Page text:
Barely 1% of Macedonians consider Bulgaria a friendly nation, and around 80% of Bulgarians are hoping that the Bulgarian government would veto the beginning of Macedonian EU accession negotiations. The question of Macedonian-Bulgarian relationships is slowly leaving the space of conflict between elites, and entering the space of a conflict between nations. Political analysts consider that the current situation brings into question the European future of the Balkans.
Writen by: Petar Todorov
History, or rather a dispute over ‘historical truths’ seems to have returned as the burning topic of the Macedonian-Bulgarian relations. If they have done this in a Marxist context some 30 years ago, it is now being done in a European one.
Accusations and slander are being exchanged, and the latest research shows that barely 1% of Macedonians consider Bulgarians a friendly nation, and around 80% of Bulgarians are hoping that the Bulgarian government would veto the beginning of Macedonian EU accession negotiations. Anyone aware of the Macedonian-Bulgarian history will recognise something similar in their own society. Everyone has their own historical nemesis, always there to ‘help’ when real problems need forgetting.
What can be done in order to make a difference, when institutional support is lacking? There are many initiatives led by historians and those who deal with the past in one way or another – scientific projects, debates, declarations, media events, commissions for history textbooks and so on. All of these activities yield results – maybe not the expected results, but they do raise consciousness about different perspectives, a depoliticisation of the past, and the democratisation processes. What we are missing are cooperation, solidarity among intellectuals, activists, politicians and all those who are opposing a politicisation of history and its abuse to serve political and nationalist purposes. Unfortunately, it is very difficult to mobilise Macedonian historians, activists and intellectuals in, say, Bosnia and Herzegovina. Not to mention war crimes and the war legacies that came after the fall of socialist Yugoslavia. To Macedonians, that is an issue of Bosniaks, Croats, and Serbs, not Macedonians. I believe that citizens of Bosnia and Herzegovina are also unaware of the issues the Macedonian society is facing, beyond the superficial media coverage, if that. That is a result of the general state of our little states, and it speaks for a lack of empathy and solidarity, and lack of support within liberal and democratic circles.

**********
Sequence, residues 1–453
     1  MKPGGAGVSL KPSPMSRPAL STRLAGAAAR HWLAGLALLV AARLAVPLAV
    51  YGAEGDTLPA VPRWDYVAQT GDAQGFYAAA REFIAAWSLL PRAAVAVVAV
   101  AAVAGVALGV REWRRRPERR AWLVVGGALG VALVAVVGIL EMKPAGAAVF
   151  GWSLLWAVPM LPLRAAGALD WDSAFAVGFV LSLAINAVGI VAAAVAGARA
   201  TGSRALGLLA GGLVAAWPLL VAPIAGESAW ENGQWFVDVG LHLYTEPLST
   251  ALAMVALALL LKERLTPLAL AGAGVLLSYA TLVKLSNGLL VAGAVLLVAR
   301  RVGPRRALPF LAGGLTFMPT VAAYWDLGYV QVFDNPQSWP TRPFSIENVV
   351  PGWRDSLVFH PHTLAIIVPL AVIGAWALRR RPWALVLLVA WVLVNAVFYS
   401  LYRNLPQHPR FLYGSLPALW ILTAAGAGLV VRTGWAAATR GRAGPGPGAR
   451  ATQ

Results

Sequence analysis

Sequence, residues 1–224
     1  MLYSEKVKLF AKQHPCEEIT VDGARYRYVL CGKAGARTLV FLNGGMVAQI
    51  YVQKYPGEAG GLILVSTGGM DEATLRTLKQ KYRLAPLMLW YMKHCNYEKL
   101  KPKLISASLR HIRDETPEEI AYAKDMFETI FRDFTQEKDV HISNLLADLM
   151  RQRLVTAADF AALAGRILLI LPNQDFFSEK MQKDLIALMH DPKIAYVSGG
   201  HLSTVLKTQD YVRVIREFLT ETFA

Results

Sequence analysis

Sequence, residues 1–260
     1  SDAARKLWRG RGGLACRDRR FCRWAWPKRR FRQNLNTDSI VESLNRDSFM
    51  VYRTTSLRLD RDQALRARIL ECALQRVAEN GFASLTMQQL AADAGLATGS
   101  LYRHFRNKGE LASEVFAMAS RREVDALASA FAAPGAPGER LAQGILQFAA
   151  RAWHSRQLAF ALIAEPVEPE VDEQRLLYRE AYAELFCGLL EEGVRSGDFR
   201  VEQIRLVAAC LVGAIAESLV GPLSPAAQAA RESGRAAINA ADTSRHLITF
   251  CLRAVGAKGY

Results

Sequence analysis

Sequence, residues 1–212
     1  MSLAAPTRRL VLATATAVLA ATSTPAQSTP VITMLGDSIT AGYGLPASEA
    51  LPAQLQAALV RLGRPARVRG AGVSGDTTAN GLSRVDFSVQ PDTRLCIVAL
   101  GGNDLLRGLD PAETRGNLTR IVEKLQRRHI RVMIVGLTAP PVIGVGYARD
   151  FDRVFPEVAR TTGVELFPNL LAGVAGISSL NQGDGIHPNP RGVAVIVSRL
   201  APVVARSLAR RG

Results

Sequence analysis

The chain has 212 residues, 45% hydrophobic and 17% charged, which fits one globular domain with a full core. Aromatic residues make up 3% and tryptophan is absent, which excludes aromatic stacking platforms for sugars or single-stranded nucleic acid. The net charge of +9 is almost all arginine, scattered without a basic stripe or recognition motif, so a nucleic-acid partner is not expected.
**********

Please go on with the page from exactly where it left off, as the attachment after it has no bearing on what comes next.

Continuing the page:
To get back to the Macedonian-Bulgarian issue. In the past two months, this has become a question of political survival, an essential question which is slowly leaving the space of conflict between elites, and is now becoming a conflict between two nations. Political analysts consider that the current situation brings into question the European future of the Balkans. The only responses have come from historians in Bulgaria, and some from Macedonia. Two or three experts have also voiced their opinions, from Germany and Austria. The silence of many historians, intellectuals, and organisations dealing with these questions not only in Macedonia and Bulgaria but in other Balkan and European countries, speaks louder than words. Almost similar to the negations of the Srebrenica genocide, many intellectuals in Macedonia are commenting from their offices and cafes, how the situation is not very good. The role of the intellectual isn’t to simply limit their work to writing articles and communicating their ideas to a like-minded few. There is a lack of support of state institutions, and therefore we need greater activity and solidarity, and a stronger platform for the voices of all of those who represent the ideas of democracy and reconciliation, and who are opposing an abuse of the past to serve political and nationalist agendas.
Petar Todorov is a historian at the National History Institute in Skopje. From 2018, he has been a member of the Joint Commission for Historical and Educational Issues between North Macedonia and Bulgaria